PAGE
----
So, what is the economic case for these cuts? Those few will tell us that they are necessary for the prosperity of our nation, and that the prosperity of our nation benefits all of us. The Tories will tell us that the growth of business is critical to kick-starting our stalled economy. Well let’s examine that idea. I have talked in the past about the US where 93% of economic growth feeds only the wealthiest 1% of the population, and indeed record corporate profits of $1.97tn were accompanied by real wage falls and rising unemployment during the third quarter of 2011. In Britain there has been a 21% increase in corporate profits since the third quarter of 2009. “But what about the trickle-down effect?”I hear you say. Frankly, it no longer exists, if it ever did. Unemployment here too has been steadily rising although this is a side issue in that employee compensation only accounts for 54% of GDP (down from 65% in the mid 1970’s) with the rest going to you-know-where. In short, although the situation is getting worse for employees in that their real pay has fallen by approximately 2% since mid 2010 according to the TUC, they haven’t been getting a fair deal since the 70s. Still we are given platitudes, small business growth - the endeavours of entrepreneurs - will save us. Sadly small businesses are currently in decline too, with over 50 failing every day according to the Mail on-line, this is strictly a corporate zone. If the government were genuinely serious about encouraging growth in small businesses it would be using a progressive taxation system where larger businesses pay a higher percentage of tax on their profits so that smaller businesses have more income to invest and develop, instead of the flat rate corporation tax currently in place. This flat rate system benefits the larger organisations - who already have advantages in terms of large scale efficiencies - because of their ability to transfer money beyond the tax system. Some even manage broker deals to avoid paying at all. Vodafone for example, which according to Forbes saw UK profits grow from £1.2bn to £1.3bn while it’s tax bill fell from £140m to zero in the same period.

As further rebuttal to the justifications for austerity , the UK is currently in debt to the tune of 66% of GDP. This sounds a lot until you consider the fact that our national debt was over 100% of GDP [continuously] between 1912 and 1961, a period which saw the birth of our welfare state. Indeed for only 50 of the last 300 years has our national debt been lower as a percentage of GDP than it is today. So then, we are being asked to sacrifice critical services and social mobility in the name of economic problems and promised progress which are at best ill-considered and at worst outright lies. Very quickly we have to start cutting through the spin and propaganda. If your life chances are determined by the economic situation of your parents, you are not free. If you are forced to work for nothing and a company profits from that, you are not free. If the actions of an unelected government acting without a mandate and outside of the written promises upon which its election campaign was based can destroy your life without consultation or remorse, then you are a slave to their whim. This is not hyperbole; 32 people die every week in our country having been declared fit to work. They die from cancer, from heart disease and from any other number of illnesses that our government’s system routinely ignores since it views its citizens only in the light of their value to the economy.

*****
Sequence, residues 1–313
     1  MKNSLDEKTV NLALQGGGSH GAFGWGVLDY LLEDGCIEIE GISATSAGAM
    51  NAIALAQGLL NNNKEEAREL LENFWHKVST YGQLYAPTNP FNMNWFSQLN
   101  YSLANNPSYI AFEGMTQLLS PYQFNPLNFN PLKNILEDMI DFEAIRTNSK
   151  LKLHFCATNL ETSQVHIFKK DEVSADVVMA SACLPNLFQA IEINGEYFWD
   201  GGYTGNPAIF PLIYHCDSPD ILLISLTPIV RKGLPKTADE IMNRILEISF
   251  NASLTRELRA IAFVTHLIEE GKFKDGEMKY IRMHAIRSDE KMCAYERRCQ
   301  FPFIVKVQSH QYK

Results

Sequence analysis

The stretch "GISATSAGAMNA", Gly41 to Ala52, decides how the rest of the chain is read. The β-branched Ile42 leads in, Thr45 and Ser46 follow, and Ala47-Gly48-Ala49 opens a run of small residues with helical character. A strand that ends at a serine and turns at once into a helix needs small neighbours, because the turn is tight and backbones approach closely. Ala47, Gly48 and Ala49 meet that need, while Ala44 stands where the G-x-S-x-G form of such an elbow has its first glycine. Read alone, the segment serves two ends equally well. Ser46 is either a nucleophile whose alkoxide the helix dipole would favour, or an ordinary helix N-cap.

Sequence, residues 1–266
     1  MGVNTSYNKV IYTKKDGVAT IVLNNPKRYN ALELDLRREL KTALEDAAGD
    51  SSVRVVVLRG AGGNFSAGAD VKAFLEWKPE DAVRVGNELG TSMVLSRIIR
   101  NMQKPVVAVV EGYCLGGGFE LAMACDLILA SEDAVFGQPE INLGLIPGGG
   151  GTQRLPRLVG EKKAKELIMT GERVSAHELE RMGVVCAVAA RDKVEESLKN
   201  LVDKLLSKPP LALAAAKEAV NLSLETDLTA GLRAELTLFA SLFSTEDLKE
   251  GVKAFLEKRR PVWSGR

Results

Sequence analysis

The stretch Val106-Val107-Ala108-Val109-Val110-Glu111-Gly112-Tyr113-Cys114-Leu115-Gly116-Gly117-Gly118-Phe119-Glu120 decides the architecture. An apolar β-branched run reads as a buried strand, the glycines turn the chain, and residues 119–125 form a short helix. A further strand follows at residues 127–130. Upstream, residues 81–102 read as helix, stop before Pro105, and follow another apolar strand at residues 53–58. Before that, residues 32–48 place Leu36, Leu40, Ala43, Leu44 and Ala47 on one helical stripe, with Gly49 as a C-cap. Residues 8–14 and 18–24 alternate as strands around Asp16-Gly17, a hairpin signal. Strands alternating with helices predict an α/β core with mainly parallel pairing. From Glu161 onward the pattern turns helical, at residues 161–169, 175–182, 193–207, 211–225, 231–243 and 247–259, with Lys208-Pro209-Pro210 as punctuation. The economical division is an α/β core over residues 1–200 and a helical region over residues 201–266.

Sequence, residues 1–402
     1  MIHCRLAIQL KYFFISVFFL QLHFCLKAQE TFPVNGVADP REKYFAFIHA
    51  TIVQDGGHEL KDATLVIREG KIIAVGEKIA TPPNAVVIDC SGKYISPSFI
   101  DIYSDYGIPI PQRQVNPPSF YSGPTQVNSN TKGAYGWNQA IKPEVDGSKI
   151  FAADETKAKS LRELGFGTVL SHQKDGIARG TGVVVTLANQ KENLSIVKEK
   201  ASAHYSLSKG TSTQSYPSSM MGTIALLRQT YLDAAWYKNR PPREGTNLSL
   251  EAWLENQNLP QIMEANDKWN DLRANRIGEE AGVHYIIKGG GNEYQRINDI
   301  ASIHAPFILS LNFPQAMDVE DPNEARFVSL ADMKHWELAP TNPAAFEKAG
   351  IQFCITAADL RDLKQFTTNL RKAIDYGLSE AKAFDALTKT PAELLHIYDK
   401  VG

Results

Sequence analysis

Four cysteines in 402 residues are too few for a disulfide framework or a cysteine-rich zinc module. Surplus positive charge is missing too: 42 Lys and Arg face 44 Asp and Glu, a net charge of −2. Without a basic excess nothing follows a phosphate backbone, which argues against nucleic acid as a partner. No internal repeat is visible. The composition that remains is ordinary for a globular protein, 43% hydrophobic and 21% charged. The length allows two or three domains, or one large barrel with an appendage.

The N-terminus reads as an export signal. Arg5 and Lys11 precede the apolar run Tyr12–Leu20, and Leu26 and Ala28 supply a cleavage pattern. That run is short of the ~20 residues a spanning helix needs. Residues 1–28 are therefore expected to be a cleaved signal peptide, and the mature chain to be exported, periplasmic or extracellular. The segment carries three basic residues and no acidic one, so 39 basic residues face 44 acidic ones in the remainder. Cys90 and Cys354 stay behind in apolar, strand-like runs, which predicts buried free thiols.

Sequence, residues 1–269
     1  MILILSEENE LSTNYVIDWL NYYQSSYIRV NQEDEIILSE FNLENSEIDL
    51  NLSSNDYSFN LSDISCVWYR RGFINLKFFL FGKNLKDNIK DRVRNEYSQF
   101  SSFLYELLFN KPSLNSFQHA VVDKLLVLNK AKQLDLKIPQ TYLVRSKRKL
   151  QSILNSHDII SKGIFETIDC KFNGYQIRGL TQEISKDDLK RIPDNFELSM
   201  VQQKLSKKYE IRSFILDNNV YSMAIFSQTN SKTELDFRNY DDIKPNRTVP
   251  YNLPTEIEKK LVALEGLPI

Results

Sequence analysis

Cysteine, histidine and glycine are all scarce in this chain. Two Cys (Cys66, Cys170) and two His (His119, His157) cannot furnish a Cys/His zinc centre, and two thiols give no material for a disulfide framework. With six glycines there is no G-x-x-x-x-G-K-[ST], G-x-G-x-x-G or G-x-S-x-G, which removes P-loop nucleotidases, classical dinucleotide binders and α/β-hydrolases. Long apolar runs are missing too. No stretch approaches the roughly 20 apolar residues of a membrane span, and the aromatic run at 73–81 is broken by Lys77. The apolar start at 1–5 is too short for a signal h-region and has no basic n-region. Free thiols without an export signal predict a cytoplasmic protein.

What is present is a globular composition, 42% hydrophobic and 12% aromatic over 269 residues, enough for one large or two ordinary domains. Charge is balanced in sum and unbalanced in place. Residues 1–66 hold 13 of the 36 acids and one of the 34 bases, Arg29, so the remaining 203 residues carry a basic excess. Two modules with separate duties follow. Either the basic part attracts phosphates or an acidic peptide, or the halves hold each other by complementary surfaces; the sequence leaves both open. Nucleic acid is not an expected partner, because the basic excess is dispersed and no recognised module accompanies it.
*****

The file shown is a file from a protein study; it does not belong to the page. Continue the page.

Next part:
Culturally we are unwilling or unable to oppose this tyranny.  Not because we think it’s fair, and not because we are happy about it. But because we have a proud sense of responsibility and a strong moral compass. Teachers will say they don’t want to harm the prospects of their students, doctors will say any action they take will hurt patients. Private sector employees will not want to harm the companies they work for, and the media will tell us industrial action won’t work because this is the only way out of our economic mess. In response to that I would argue how quickly alternative ideas are generated when the wealth of the elite is threatened, as has been the case in the past. Teachers, your students will be better served by the creation of a fairer society within which they can both contribute and benefit through hard work, rather than being locked out on the day of their birth. Doctors and nurses, how many more people will suffer and die as a result of the stripping of the NHS, one of the most efficient healthcare systems in the world? If we do not do something, that is if we allow this pattern to continue, how many more rights will we lose? How much more will our real wages fall as corporate profits continue to rise? How long will we accept being second class citizens in a society that profits from our toil, before we demand the right to guaranteed reasonable living standards and the opportunity to affect our own futures? How long before we demand to be free and equal members of a democratic society again?

Fascism is defined by the Oxford Dictionary as:
extreme right-wing, authoritarian, or intolerant views or practices
This regime is right-wing, authoritarian and intolerant of the needs of the vast majority of our populace. We are clearly short of anything seen in Nazi Germany, but if we do nothing, how long will it take for this creeping elitism to morph into fully fledged fascism. And will we ever manage to change it back?